Census: Revenue Gap Between Ambulatory Services, Hospitals is Widening
For the third straight year, ambulatory healthcare services generated more revenues than did hospitals, and that revenue gap in 2008 more than quadrupled when compared with 2007, new U.S. Census Bureau data show.
Ambulatory healthcare services generated $730.3 billion in revenues in 2008, while hospitals generated $721 billion, a difference of $9.3 billion, according to figures released today from the 2008 Service Annual Survey: Health Care and Social Assistance.
The last year hospitals generated more revenue than ambulatory health services was 2005, when hospitals generated $611.5 billion, against $609.8 billion, a difference of $1.7 billion.
Since then, ambulatory health services have widened the revenue gap. In 2006, hospitals generated $644.5 billion, AHS generated $645.3, a difference of $800 million; in 2007 hospitals generated $685.4 billion, AHS generated $687.6 billion, a difference of $2.2 billion, Census Bureau data show.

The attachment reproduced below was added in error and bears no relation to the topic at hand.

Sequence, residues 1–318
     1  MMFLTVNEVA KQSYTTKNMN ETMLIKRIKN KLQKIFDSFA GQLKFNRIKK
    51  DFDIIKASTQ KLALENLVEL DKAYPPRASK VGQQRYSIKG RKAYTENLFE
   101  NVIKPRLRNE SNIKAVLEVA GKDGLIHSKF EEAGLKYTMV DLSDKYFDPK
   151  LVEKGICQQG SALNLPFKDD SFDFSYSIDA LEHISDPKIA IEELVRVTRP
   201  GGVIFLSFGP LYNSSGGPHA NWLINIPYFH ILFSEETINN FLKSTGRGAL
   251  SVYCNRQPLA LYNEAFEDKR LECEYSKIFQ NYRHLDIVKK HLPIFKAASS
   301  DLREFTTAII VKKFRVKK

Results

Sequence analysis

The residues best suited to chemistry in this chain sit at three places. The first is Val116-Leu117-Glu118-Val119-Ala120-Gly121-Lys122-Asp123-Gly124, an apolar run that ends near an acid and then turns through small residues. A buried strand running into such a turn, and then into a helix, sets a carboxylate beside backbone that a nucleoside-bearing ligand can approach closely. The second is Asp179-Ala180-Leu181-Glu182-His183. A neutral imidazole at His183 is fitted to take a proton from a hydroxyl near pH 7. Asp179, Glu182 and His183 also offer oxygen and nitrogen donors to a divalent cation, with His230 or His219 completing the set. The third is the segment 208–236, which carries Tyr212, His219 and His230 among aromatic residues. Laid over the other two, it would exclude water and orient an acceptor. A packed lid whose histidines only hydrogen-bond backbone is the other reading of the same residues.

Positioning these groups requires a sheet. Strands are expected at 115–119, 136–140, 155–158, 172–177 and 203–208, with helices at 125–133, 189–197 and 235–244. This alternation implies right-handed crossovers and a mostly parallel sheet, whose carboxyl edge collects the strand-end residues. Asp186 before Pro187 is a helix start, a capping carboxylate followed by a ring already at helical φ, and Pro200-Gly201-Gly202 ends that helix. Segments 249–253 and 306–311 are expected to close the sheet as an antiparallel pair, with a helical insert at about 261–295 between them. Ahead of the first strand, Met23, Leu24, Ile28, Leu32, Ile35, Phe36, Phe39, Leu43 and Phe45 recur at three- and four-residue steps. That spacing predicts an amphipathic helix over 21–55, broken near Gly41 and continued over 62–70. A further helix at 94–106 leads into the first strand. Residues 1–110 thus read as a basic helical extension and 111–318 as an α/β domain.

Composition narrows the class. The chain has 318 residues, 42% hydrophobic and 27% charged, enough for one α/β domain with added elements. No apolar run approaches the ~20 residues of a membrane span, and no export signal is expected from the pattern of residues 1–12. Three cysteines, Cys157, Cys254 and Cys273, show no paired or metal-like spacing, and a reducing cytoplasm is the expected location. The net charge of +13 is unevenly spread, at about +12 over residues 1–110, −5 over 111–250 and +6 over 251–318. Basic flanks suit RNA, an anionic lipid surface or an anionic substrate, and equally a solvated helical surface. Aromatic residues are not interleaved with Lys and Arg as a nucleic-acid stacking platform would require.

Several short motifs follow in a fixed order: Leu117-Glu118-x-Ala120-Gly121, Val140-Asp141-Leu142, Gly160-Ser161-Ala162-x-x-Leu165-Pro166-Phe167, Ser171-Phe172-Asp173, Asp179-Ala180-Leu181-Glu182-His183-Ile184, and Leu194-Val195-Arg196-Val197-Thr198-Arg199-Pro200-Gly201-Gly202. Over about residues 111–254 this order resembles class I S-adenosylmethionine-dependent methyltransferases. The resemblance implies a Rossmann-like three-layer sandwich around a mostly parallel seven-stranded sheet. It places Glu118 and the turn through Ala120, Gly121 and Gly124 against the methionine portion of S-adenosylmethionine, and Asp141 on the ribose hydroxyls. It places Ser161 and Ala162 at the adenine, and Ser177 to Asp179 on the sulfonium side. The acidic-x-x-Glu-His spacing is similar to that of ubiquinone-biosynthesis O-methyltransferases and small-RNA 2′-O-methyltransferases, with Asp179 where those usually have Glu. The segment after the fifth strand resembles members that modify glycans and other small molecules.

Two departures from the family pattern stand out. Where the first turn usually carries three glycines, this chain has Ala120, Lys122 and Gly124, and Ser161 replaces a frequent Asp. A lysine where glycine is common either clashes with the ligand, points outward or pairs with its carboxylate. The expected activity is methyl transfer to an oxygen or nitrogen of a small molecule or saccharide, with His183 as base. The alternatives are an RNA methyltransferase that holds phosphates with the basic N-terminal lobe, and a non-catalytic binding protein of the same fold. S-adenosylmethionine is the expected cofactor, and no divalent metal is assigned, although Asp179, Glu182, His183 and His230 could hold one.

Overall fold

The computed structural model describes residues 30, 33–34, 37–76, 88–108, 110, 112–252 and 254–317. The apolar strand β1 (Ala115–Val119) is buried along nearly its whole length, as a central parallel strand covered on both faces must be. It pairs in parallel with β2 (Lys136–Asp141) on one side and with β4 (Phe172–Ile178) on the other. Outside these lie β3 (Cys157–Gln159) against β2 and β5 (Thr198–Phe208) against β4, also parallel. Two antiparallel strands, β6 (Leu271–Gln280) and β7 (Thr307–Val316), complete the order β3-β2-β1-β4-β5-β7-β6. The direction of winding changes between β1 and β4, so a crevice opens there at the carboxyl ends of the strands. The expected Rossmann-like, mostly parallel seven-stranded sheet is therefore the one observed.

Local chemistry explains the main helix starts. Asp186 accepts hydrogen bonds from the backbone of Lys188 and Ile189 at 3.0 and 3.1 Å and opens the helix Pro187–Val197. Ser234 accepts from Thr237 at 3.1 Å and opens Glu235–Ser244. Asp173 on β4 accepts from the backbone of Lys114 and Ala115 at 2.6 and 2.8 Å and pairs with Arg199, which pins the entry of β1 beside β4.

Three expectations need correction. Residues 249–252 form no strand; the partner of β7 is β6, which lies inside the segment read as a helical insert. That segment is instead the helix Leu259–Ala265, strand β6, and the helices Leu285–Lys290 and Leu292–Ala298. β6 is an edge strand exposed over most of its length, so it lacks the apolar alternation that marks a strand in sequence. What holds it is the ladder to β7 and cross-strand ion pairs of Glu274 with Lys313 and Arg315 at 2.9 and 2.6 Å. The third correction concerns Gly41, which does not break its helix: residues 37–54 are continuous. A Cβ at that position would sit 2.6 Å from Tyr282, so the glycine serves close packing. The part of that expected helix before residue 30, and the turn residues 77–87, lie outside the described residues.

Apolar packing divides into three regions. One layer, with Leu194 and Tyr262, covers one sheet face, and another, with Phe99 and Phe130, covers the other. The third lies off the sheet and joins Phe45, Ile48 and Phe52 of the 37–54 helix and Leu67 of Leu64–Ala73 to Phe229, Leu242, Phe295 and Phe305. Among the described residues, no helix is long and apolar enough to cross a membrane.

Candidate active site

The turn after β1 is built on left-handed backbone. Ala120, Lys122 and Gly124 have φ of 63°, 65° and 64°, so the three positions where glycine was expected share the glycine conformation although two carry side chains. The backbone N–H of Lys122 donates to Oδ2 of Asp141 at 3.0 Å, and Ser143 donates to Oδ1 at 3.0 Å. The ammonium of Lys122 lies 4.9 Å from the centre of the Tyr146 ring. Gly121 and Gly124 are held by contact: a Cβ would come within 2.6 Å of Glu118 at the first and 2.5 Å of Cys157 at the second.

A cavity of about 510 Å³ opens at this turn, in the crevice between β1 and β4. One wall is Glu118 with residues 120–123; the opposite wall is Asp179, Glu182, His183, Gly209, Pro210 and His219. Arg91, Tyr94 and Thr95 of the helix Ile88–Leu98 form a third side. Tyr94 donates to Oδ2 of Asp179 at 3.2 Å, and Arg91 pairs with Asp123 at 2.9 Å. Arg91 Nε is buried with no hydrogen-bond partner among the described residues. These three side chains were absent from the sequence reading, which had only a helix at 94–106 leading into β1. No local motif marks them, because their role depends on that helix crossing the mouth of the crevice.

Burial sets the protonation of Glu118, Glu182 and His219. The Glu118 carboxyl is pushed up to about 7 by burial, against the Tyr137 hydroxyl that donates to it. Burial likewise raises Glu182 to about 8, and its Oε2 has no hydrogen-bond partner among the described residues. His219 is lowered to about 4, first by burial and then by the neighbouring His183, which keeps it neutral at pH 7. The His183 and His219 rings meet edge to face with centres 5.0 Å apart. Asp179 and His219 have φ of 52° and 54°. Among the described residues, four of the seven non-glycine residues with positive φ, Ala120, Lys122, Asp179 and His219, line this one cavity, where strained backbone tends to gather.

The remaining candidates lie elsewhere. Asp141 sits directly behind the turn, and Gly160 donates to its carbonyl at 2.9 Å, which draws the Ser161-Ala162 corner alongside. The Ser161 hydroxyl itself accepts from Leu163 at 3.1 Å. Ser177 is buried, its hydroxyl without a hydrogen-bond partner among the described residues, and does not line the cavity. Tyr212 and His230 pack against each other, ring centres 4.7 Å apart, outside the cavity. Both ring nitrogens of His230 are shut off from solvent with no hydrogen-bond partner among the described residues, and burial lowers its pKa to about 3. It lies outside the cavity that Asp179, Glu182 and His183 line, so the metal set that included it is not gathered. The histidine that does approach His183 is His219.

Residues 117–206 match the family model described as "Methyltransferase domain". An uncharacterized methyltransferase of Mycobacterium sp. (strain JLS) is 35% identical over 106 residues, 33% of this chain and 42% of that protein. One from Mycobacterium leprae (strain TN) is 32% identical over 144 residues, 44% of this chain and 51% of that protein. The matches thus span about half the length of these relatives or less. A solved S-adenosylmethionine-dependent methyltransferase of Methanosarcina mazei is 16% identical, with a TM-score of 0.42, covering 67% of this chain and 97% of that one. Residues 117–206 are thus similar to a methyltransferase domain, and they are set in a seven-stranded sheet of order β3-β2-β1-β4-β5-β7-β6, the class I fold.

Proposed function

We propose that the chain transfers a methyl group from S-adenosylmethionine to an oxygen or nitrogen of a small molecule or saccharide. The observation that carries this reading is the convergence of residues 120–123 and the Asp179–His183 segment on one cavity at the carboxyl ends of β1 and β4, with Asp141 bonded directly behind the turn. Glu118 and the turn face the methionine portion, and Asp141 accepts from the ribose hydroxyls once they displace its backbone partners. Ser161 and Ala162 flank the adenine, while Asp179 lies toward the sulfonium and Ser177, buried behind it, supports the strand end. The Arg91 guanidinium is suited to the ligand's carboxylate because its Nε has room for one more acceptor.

The $721 billion in revenues generated by the hospital sector in 2008 represent an increase of about $36 billion over the $685.4 billion in revenues in 2007.
In 2000, hospitals generated $423.8 billion, and AHS generated $419.4 billion.
- Primary Care Docs Average More Hospital Revenue Than Specialists
- 69% of Employers Plan to Offer Healthcare Coverage After 2014
- Building a Better Healthcare Board
- Q&A: Catholic Health Initiatives' New Senior VP for Capital Finance
- CMS Seeks to 'Rapidly Reduce' Medicare Spending with $1B in Grants
- Hospital Pricing Irks Nurses; More Jobs, Less Pay
- Quiet ORs Better for Patient Safety
- CMS Releases Hospital Pricing Data
- Evidence-Based Practice and Nursing Research: Avoiding Confusion
- Hospital Pricing Data Dump Won't Hurt You, Yet